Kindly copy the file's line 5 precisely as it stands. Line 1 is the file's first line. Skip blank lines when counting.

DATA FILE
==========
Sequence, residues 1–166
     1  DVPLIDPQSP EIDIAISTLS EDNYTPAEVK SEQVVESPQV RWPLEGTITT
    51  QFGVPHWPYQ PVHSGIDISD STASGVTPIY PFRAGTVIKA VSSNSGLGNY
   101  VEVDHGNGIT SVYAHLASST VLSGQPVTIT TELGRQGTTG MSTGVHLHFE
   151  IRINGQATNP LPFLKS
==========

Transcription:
   151  IRINGQATNP LPFLKS